Why use a Midwife?

Midwives provide personalized care for women and families during pregnancy, childbirth, and the postpartum period.

  • Prenatal Care. Each prenatal appointment is between 30 and 60 minutes long and includes physical examinations as well as education about each stage of pregnancy and preparing for childbirth. An essential part of each visit is to build a trusting relationship with the client and their family. Partners, family members, and doulas are encouraged to attend prenatal appointments to create a foundation of support for birth and beyond. Midwives follow the same appointment schedule as obstetricians, with one prenatal appointment a month in the first 28 weeks of pregnancy, followed by twice a month until 36 weeks, and then weekly until delivery. Midwives provide detailed information about all standard medical tests during pregnancy to give families the tools to make their own decisions.
  • Birth Services. Midwives provide nurturing labor, delivery, and postpartum care within the facility or at the client’s home. They strive to ensure a safe environment by providing continuous care to mom and baby. Midwives believe that active participation from family members is wonderful, and work closely with the people who will be attending the birth to ensure safety and support. Many women choose to labor and/or deliver their babies in water. Doulas are encouraged. Sometimes partners help to catch. Siblings are welcome to watch or even jump in the pool after the birth.
  • Postpartum Care. The client’s care continues for six weeks after delivery, starting with a home visit the next day. Midwives offer other postpartum visits in the office at 1 week, 3 weeks, and 6 weeks. Each visit consists of an hour discussing any questions or concerns as well as checking in on the health of both mother and baby. Many mothers and families continue care as naturopathic patients.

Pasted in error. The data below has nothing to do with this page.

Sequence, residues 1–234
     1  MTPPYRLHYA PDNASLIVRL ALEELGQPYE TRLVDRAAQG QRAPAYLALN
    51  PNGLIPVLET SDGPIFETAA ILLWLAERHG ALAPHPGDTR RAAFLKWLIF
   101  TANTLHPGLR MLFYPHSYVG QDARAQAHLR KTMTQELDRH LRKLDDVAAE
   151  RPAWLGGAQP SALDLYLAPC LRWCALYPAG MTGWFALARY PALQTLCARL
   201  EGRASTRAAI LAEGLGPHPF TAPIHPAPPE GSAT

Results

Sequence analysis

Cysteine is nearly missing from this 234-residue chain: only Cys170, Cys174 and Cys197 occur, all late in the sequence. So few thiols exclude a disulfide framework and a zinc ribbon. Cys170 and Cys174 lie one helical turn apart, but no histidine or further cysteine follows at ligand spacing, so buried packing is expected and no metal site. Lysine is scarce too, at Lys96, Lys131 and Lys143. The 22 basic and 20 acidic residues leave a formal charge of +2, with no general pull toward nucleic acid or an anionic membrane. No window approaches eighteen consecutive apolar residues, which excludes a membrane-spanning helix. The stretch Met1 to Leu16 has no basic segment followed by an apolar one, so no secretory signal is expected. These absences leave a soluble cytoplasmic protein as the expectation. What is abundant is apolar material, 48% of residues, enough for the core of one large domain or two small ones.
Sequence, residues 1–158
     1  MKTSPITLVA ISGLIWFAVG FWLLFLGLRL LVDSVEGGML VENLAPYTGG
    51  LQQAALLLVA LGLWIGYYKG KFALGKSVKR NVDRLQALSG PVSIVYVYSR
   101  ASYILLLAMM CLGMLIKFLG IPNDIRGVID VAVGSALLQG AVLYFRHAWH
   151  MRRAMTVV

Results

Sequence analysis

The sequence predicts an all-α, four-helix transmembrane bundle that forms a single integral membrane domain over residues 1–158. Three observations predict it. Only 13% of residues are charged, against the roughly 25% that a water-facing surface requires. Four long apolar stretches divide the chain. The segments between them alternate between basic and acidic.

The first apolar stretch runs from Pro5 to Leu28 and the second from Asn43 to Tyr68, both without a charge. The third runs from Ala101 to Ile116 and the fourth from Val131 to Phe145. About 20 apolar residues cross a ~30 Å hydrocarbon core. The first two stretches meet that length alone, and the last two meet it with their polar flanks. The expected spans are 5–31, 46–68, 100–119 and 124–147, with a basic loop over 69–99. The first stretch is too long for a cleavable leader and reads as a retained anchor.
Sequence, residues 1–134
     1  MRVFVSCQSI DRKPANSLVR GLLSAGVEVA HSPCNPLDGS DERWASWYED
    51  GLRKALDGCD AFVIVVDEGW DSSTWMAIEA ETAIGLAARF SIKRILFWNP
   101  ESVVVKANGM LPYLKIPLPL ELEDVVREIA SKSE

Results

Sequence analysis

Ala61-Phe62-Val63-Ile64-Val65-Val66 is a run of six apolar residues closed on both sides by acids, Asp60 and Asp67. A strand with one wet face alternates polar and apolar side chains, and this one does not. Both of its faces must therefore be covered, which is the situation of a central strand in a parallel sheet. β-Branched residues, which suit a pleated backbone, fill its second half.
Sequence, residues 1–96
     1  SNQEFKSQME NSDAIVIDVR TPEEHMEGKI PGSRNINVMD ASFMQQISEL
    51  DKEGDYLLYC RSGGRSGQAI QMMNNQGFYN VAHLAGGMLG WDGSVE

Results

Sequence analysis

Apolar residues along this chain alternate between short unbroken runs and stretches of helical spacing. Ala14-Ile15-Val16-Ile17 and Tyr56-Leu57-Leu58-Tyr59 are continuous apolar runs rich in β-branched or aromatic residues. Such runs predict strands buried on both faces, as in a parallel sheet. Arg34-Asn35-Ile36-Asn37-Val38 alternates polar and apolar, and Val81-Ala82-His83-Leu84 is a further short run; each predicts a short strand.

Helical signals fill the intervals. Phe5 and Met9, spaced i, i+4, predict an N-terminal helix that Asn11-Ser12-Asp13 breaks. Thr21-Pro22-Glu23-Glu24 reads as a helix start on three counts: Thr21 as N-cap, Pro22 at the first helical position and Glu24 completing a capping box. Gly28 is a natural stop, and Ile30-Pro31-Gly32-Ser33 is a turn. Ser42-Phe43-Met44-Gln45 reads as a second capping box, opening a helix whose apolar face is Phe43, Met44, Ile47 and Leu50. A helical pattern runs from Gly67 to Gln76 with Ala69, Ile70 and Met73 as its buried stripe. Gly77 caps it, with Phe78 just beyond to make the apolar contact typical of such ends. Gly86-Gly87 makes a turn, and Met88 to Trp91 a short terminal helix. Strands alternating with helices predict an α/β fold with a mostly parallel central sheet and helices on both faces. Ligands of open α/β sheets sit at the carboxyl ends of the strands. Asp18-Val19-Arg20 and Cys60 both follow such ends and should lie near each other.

Midwives empower mothers and families to safely take charge of their birth experience.

Midwives encourage mothers to be the primary decision-maker in their pregnancy and birth choices, through flexible and responsive care. A midwife is the coordinator, the expert and the consultant to any family wishing for an out-of-hospital birth, but not its leader. Midwives work with mothers, fathers, wives, husbands, partners, brothers, sisters, in-laws, children, doulas and other birth professionals to ensure that a mother’s need for comfort and empowerment happens in a safe and respectful manner. We work to avoid unnecessary tests and treatments; women under the care of midwives are less likely to have a cesarean, an episiotomy, and other interventions than women receiving care from doctors. Midwives provide continuous support throughout labor and birth, which has many benefits for women, infants, and families. and no known risks.

 

Midwives are becoming mainstream.

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Midwifery care is exploding nationwide. Just three percent of births were led by midwives in 1989; that number had tripled by 2013. Washington State leads the nation in midwifery utilization; 3.36% of all babies born in the Seattle metro area in 2012 were born outside of a hospital, as were 5.28% of all babies born in Snohomish County. Washington State has one of the longest traditions in the United States of licensing midwives as well as being one of the few states where out of hospital birth is covered by insurance. Sprout will soon even be covered under Washington Apple Health (medicaid).

 

Pregnancy and birth are normal life events.

Midwives ascribe to the Midwives Model of Care™, which focuses on:

  • monitoring the physical, psychological and social well-being of the mother throughout the childbearing cycle
  • providing the mother with individualized education, counseling, and prenatal care, continuous hands-on assistance during labor and delivery, and postpartum support
  • minimizing technological interventions
  • identifying and referring women who require obstetrical attention


More questions? Check our FAQ!

 

The Midwives Model of Care definition above is Copyright © 1996-2001, Midwifery Task Force, All Rights Reserved.

 


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